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tips for exercising with limited mobility #movewithKIND
published by Owen | published on March 17 2022

As we hope you know by now, #movewithKIND is about getting people moving in anyway possible, regardless of your physical ability or amount you can do. For a lot of people, getting moving isn’t easy due to things like physical disabilities, injuries, and lack of space where they live. That’s why we’ve put together some top tips on some ways you can maximize your movement even with limited mobility – enjoy!

get stretching

Everyone, no matter what your physical ability, can feel stiff every now and then so taking time to do stretches can be great for your body and can also be a nice thing to do in the morning to start your day off on the right foot. For example; in a chair, take both hands over your head and grab your left wrist with your right hand and lean to the right to stretch the left side of your body. Hold this for 4 deep breathes then switch to the other side. Some simple head rolls can be good to follow this up with too!

calling all yogi’s

As we spoke about in our last blog HERE, yoga has so many different benefits and one of the best things about it is it can be adapted to suit the needs of the person doing them. With so many of the moves being adaptable, it makes it a perfect way to get some movement into your daily routine even if you have limited mobility.

arms and legs

To get your arms moving, there are several things you can do that don’t require standing or going to a gym. This can include simple things like arm circles, resistance bands or even using everyday objects like water bottles or cans of food as weights. Similarly with the lower half of your body, if you are able to move your legs whilst sitting, these kinds of exercises can be a great way to help strengthen both your legs and your core muscles.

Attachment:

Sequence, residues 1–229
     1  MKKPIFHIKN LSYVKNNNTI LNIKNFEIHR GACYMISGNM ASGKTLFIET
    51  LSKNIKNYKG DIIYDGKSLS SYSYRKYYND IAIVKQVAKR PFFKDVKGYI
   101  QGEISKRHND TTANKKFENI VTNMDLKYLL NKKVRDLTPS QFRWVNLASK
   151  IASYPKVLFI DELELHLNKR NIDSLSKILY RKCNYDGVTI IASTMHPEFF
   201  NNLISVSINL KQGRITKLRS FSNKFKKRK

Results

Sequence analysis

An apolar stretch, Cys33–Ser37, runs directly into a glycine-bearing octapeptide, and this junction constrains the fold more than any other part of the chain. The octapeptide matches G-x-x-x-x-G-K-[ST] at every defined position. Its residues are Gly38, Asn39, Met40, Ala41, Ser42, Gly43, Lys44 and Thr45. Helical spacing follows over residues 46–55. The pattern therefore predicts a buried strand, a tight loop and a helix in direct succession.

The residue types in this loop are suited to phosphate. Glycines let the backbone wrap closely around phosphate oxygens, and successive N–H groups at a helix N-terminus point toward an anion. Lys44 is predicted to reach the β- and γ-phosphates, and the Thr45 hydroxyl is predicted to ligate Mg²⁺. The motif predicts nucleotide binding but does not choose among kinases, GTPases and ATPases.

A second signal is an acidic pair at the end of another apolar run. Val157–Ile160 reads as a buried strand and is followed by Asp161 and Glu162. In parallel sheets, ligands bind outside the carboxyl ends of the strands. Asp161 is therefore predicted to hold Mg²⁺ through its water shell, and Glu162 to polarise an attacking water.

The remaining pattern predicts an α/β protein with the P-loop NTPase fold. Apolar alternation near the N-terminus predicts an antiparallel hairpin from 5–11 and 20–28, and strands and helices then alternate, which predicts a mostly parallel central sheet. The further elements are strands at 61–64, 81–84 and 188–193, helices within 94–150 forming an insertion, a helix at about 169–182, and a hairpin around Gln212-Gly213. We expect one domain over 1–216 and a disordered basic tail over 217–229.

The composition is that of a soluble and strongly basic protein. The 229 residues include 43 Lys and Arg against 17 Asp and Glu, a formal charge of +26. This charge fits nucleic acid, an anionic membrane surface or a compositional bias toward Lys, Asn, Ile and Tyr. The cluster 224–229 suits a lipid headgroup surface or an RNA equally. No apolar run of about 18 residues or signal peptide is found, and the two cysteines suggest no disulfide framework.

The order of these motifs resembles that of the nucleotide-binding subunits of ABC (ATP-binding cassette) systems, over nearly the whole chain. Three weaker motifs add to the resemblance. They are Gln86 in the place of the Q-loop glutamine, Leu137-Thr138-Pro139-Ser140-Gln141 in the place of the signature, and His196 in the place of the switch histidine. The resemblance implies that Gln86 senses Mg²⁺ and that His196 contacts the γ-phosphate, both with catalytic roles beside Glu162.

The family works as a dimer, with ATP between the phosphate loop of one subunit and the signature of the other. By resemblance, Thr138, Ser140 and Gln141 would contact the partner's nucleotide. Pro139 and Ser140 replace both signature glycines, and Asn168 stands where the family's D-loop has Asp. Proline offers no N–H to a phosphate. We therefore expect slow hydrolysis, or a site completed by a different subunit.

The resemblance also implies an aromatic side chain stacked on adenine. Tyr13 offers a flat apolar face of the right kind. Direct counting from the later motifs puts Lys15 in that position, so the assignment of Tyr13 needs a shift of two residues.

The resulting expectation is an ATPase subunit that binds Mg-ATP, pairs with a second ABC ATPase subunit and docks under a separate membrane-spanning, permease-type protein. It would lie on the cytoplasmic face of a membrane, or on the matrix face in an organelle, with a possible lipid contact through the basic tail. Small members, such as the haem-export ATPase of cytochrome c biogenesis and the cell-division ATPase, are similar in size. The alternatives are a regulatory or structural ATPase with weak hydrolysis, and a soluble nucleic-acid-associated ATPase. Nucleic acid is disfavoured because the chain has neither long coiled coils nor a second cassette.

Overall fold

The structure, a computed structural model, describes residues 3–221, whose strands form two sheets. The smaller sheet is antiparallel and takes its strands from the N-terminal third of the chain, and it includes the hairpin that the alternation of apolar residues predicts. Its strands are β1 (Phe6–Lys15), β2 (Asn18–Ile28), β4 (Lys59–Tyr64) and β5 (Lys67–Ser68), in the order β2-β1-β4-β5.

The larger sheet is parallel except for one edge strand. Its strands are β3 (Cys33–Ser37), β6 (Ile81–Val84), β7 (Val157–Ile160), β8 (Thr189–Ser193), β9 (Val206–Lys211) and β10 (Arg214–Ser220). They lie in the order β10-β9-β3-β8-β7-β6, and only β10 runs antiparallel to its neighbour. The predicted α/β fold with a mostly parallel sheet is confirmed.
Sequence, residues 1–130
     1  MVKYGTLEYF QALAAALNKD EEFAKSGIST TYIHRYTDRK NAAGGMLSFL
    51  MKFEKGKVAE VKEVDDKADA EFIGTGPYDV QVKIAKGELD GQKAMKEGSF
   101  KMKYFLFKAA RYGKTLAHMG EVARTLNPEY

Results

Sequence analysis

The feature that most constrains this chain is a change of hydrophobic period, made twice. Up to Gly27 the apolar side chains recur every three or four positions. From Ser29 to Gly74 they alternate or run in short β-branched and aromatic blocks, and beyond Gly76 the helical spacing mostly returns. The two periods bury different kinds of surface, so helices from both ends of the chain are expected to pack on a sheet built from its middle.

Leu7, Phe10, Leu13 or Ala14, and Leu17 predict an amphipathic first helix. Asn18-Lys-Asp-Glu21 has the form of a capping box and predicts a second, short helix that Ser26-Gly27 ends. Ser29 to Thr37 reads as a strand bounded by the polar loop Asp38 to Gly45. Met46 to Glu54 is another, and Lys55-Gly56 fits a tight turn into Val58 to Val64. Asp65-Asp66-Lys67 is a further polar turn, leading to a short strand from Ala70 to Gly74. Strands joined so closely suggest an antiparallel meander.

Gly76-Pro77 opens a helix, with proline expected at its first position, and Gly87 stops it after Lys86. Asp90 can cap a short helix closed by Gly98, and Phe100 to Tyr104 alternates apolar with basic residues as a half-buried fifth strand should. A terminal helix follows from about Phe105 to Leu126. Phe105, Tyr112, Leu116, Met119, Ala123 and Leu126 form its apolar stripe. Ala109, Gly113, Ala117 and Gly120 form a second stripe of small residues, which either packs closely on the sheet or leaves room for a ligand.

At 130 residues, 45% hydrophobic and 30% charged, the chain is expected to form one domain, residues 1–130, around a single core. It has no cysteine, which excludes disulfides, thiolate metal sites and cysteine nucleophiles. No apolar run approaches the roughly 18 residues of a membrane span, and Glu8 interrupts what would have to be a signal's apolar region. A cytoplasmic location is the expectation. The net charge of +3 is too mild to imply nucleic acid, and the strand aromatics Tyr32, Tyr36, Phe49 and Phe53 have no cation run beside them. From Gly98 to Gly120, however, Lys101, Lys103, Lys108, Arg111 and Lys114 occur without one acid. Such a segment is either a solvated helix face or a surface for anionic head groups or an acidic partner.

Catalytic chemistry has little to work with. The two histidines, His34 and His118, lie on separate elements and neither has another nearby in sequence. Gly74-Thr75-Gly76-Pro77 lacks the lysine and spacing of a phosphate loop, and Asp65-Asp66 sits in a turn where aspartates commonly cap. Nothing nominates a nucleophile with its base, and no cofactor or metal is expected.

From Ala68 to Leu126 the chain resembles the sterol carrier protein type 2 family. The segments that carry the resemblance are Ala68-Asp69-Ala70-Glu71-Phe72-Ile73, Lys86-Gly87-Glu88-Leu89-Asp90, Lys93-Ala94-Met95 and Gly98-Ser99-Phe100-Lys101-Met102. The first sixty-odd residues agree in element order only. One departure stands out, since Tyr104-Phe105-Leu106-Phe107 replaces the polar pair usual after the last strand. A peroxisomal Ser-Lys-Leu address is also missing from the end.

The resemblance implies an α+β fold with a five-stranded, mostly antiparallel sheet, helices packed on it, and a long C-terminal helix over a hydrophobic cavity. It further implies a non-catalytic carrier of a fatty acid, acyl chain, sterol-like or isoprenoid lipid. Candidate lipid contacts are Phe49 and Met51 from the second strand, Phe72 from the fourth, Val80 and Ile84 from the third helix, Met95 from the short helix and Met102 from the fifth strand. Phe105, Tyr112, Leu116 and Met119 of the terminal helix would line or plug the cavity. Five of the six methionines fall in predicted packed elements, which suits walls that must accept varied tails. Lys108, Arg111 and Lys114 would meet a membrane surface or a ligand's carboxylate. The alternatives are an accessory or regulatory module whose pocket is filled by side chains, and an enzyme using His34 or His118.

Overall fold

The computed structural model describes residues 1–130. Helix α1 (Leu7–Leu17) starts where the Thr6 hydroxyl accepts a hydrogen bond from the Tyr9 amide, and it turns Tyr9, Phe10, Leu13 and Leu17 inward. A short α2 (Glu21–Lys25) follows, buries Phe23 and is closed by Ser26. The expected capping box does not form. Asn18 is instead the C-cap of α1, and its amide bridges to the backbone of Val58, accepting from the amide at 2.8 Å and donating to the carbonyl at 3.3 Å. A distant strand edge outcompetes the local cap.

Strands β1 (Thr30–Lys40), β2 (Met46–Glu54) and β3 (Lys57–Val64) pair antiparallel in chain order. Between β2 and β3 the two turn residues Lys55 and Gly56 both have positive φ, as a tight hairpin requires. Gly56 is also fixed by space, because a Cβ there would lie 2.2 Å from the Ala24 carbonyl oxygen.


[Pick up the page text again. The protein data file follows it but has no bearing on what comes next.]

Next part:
swimming and aqua-exercise

Some of the best forms of accessible exercise can be done at your local swimming pool. By being in the water, it can help reduce pressure on joints and is as low impact as it gets. On top of this, many swimming pools and leisure centres have classes, support systems and other resources in place for people with limited mobility.

cardio & classes

For anyone with limited mobility, cardio can be one of the more difficult forms of movement to get in as it may not be as simple as going for a jog like some people can. A great way to get some cardio into your life is to contact your local gyms and see what exercise classes they do and if they can be adapted to your requirements. For example, lots of boxing classes can be adapted for people in wheelchairs and this is a fantastic form of cardiovascular exercise.

want to get moving more? find out how you can #movewithKIND here.